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Am I correct in assuming it is the weight of all that liquid + gravity?

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Why am I opening upside-down? My hand is hurt :( – Adel Jul 14 '11 at 22:35
What kind of lid does the bottle have? – sharptooth Jul 15 '11 at 8:06
I know that if one tries to unscrew a bottle by turning the body and holding the cap fixed it opens more easily. The reason has to do with angular momentum. Were you maybe turning the body and keeping the cap fixed? It is a multiparameter problem then, like climate :) . – anna v Jul 15 '11 at 10:56
@Georg if you are talking to me, try it. I have very weak finger grip and often I have to resort to this trick to open screw tops. you get RXp on the whole bottle compared to rXp of the small cap, for the same turns. Or you can think of it as a lever. – anna v Jul 15 '11 at 19:47
@Adel you did not reply if when it is up side down you turn the cap, or turn the body of the bottle keeping the cap steady. In the latter case it is the angular momentum that does it, nothing to do with gravity – anna v Jul 16 '11 at 12:13
up vote 1 down vote accepted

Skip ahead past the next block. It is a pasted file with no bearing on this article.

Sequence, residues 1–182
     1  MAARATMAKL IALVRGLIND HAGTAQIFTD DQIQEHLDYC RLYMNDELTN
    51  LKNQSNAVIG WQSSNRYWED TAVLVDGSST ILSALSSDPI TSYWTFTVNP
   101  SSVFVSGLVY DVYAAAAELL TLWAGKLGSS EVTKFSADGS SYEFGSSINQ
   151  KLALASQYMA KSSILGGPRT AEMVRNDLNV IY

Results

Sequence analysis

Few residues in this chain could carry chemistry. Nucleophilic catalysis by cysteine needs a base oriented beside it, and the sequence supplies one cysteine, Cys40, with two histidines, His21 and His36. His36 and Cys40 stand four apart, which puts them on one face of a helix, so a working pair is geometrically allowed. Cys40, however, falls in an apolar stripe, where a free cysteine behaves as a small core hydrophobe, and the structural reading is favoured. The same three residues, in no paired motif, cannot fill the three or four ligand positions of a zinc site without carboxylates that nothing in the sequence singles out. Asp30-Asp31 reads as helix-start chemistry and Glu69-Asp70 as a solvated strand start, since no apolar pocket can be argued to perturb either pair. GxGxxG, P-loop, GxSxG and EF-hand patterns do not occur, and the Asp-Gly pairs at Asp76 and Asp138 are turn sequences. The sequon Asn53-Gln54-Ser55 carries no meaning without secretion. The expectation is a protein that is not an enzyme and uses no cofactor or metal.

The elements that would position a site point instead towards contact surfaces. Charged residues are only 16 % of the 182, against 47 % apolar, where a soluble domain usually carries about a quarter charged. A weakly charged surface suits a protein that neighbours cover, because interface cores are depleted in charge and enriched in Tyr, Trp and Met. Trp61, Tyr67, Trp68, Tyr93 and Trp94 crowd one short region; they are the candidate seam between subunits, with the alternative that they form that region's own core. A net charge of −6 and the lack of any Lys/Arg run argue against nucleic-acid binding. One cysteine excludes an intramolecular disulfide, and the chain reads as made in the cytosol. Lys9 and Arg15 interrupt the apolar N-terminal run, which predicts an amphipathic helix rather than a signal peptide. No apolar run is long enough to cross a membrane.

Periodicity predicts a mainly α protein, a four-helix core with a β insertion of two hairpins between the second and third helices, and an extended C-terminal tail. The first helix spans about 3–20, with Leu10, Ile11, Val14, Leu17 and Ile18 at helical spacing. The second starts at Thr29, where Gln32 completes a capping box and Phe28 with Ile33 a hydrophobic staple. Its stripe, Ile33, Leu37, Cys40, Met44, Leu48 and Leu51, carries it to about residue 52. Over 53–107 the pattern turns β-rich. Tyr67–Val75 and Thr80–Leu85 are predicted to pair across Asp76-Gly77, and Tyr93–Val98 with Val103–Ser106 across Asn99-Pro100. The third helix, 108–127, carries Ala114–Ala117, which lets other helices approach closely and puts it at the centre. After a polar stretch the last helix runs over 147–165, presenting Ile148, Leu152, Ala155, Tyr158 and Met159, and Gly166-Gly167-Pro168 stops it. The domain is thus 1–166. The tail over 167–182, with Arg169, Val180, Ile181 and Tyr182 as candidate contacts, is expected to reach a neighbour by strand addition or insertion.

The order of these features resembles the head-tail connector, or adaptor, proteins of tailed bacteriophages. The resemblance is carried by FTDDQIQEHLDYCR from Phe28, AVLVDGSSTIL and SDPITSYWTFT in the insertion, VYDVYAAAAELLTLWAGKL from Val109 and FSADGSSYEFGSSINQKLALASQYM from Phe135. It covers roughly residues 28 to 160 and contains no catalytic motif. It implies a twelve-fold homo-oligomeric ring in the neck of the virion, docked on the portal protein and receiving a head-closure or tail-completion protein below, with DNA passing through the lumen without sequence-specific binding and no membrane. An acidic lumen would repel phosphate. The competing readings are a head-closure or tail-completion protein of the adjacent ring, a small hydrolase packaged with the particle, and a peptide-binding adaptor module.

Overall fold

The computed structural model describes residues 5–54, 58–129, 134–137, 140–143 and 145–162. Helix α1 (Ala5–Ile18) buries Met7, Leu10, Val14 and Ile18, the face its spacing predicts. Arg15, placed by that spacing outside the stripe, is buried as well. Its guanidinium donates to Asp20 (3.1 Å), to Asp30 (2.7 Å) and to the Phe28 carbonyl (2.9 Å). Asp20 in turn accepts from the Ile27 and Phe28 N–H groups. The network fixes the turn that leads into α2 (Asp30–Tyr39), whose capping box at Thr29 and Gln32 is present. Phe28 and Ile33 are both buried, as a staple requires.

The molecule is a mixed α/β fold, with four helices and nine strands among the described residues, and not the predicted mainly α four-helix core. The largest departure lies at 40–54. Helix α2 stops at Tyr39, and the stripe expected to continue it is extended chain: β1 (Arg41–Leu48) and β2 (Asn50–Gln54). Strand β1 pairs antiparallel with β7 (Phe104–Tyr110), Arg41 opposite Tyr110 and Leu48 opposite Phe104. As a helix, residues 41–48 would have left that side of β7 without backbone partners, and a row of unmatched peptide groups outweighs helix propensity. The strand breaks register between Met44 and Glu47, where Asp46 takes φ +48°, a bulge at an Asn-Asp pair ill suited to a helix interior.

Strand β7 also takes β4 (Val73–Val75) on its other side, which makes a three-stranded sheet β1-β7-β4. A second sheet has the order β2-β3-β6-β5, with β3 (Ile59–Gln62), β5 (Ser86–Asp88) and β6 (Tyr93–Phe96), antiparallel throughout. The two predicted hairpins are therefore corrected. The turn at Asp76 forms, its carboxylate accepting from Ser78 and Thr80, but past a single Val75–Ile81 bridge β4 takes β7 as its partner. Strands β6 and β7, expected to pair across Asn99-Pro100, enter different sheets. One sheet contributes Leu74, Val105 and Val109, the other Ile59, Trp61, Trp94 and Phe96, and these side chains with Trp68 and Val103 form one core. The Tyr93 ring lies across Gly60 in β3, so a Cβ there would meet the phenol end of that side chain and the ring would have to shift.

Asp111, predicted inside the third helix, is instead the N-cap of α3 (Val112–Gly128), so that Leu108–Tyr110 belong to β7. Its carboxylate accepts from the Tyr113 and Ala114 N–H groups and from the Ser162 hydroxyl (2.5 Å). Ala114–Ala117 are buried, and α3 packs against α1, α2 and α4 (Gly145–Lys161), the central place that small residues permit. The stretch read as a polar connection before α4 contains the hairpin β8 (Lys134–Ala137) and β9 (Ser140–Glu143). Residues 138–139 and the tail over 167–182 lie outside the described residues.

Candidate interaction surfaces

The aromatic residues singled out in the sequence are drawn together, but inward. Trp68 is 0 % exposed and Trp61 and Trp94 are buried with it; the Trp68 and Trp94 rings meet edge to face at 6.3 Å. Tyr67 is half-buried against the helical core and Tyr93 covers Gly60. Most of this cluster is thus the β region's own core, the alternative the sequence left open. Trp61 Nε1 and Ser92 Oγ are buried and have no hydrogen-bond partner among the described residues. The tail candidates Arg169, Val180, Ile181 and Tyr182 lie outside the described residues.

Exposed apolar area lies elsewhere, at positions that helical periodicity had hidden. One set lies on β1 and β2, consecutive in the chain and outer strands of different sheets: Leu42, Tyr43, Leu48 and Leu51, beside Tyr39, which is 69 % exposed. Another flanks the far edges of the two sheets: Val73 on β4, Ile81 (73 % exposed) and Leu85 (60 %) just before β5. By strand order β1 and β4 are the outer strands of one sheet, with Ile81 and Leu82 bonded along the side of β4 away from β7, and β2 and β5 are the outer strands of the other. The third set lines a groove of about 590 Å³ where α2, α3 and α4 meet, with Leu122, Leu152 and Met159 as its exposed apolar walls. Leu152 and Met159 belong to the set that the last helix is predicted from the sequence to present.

The weight of liquid impact will be minimal (since with a screw cap the force will be redirected along the screw threading) - it's the lubricating effect of the liquid that actually helps. You start unscrewing, the liquid gets into the threading and lubricates it.

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The weight is caused by gravity. So, yes, gravity works for you if you turn the bottle upside-down.

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If the soda bottle has a positive pressure (which it does), doesn't the weight of the fluid work to increase the differential over the cap/mouth, thereby working against you? – Alan Rominger Jul 16 '11 at 0:15
Remember the plastic cap is two parts - the one you twist and a ring. Then there's a spiraling little ridge... so I do believe it is easier to open. :) – Adel Jul 16 '11 at 5:21

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